Yet the reasonably mild embarrassment of having to lie is not her only punishment for this second attempt. The flooding of her basement home provides the narrator with the most serious challenge she has had to face as an adult. It seems at first that, with a little encouragement from her Unni, she can cope with the situation: she cleans up the water and, triumphant, feels ‘like an adult.’ But as her battle to stop the room flooding continues, it becomes clear that if she fails, her piano will be ruined. Significantly, as she calls her Unni again, she ‘sniffl[es] like a child.’ Her emergence into adulthood seems to falter and, with the arrival of a strange man at the door, she even appears to be in danger of rape, though she soon recognises the man as her Unni’s drunken ex-boyfriend. As the narrator’s situation continues to deteriorate, it seems more and more likely that her attempts to emerge into society on her own terms will fail. Her father calls hoping she can help him financially, looking for ‘about the same as the sum [she’d] saved up for college’, and with the now-unconscious body of her Unni’s ex-boyfriend blocking her efforts to clean up the water, the narrator reaches her lowest point.


It is at this, the nadir of the story, that she gains the courage and strength to embrace the situation. By sitting at the piano and ‘calmly’ beginning to play in her flooding basement home, she rises above her problems. For the first time she describes her piano-playing in positive terms: while previously she had been ambivalent about her own ability, or even mocked it (‘someone with a trained ear might have cried “Stop that racket!”, throwing a dumpling plate at me’), the notes now make ‘harmony’ and bring ‘a grin’ to the face of her Unni’s unconscious ex. It is when the narrator is brought to her lowest point by the successive reprisals against her attempts to assert her own identity that she is finally able to find her place. Freed from the constraints of society, no longer fearing her landlord, the narrator triumphantly plays on; through her pain and humiliation, at the moment of crisis, the narrator gains the courage and strength to embrace her woes and in doing so, surmount them.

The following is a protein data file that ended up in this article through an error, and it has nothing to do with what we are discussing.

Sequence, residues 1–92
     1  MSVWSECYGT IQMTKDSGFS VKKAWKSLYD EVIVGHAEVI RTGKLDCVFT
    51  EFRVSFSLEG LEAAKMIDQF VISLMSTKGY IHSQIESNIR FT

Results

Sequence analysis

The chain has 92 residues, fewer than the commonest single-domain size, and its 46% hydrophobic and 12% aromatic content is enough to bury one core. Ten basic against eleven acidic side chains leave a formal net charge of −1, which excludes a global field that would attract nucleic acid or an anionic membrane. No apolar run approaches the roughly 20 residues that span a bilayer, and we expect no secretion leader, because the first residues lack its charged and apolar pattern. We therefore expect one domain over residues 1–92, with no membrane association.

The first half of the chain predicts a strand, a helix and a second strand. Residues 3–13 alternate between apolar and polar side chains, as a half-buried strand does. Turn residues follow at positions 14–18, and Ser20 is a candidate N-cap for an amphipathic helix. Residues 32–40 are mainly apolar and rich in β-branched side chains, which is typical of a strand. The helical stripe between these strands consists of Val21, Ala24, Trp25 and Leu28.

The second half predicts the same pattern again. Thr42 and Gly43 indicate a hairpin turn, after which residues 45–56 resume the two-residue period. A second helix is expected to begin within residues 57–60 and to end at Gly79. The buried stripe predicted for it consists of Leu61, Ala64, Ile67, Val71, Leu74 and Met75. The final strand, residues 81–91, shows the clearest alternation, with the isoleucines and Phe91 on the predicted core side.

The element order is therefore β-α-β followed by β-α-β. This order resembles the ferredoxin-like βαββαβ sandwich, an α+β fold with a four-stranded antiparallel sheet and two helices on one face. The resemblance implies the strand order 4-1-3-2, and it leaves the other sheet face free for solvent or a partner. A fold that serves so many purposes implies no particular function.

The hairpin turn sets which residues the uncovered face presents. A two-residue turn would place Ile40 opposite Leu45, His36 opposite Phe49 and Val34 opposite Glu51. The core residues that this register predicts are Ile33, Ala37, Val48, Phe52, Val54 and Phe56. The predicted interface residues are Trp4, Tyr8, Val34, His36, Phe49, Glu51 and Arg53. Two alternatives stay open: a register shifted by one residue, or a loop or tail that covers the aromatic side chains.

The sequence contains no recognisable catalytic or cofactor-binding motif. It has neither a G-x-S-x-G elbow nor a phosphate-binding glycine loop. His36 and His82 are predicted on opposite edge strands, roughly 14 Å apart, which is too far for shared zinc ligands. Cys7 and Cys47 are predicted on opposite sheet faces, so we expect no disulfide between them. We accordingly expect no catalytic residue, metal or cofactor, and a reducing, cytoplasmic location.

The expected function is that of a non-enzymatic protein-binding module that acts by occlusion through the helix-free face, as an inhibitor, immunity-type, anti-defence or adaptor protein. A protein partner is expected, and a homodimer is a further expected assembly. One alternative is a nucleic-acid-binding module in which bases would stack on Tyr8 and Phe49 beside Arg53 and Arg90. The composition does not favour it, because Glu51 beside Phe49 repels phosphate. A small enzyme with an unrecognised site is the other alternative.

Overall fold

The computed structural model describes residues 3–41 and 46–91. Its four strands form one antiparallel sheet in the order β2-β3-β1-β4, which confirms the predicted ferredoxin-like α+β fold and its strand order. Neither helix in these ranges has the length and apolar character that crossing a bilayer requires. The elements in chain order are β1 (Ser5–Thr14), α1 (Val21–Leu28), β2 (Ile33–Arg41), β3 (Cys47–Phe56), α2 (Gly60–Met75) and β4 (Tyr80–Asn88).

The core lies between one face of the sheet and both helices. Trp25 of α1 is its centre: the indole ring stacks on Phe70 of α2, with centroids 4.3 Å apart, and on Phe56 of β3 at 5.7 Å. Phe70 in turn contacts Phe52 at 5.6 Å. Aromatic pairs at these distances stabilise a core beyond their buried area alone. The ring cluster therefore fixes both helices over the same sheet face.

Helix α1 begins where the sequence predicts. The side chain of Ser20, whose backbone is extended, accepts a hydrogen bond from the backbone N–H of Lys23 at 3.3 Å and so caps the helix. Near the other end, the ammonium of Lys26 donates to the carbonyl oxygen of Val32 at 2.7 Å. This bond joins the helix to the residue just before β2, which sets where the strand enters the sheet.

‘Where Would You Like to Go?’ presents a far more traumatic struggle for place in Korean society. The narrator Myeongji views making kimchi as an act synonymous with motherhood; she had ‘inherited’ the recipe, noting it down as her mother lay in bed dying, physically ‘looking up to her as I’d done when I was a child’. Afterwards, while she ‘occasionally imitated Mum’s cooking’, it is only once she and her husband have, after a ‘long discussion’, come to the ‘ultimate decision to have a baby’ that she decides to try making kimchi. By both deciding to try for a baby and attempting to make kimchi, Myeongji is making a doubly-powerful claim, a bold assumption of her mother’s role. This attempt, however, is met with immediate and brutal retribution. Even as she is mixing the sauce for the kimchi, she receives a call to inform her that her husband has drowned. This is, obviously, a significantly worse reprisal than the narrator of ‘A Dignified Existence’ receives, an escalation in proportion to the bolder claim Myeongji makes.


Like the flooding of the basement in ‘A Dignified Existence’, Myeongji’s retribution is not limited to the sole traumatic event itself. The skin condition she develops, Pityriasis rosea, is a physical manifestation of her continuing punishment. It both symbolises her grief and also threatens to prevent her from moving on at the moment of intimacy with Hyeonseok. Unlike the narrator of ‘A Dignified Existence’, Myeongji does not make any further attempts to situate herself within society; but she does nonetheless undergo a similar transformative experience at the end, wherein she is able to embrace the pain and difficulty she has experienced. Having received a letter from the older sister of the child her husband died trying to save, Myeongji finally comes to an acceptance: ‘Perhaps at that moment, that day wasn’t about a life plunging to its death, but one life leaping toward another. I’d never thought of it that way before.’ She vividly imagines her husband’s death, and although she is ‘still angry’ with him, she comes for the first time to an understanding of his actions. Yet the final image of the story indicates that there is still more healing to do: ‘the spots that had scabbed over, peeled, and emerged again’ still mark her body and show ‘no sign of fading’.


Myeongji embraces her loss and grows through it, just as the narrator of ‘A Dignified Existence’ eventually achieves adulthood by embracing her problems – but, crucially, Myeongji’s pain remains. If anything, it seems most powerful at the end of the story as she expresses her intense longing for her husband. Indeed, unlike the narrator of ‘A Dignified Existence’, Myeongji’s attempt to define her own place within society has failed: she does not attain the role of mother she had sought, and instead takes on the different, entirely unsought role of widow. Together, the two stories depict the struggles and joys, successes and failures of a generation seeking their place within Korean society. The protagonists are met with obstacles each time they attempt to assert their place, but they ultimately come to an acceptance of their problems. Both stories end not with victory, but with hope: despite their struggles – or because of them – the protagonists can finally find a place for themselves in society. 

More Non-fiction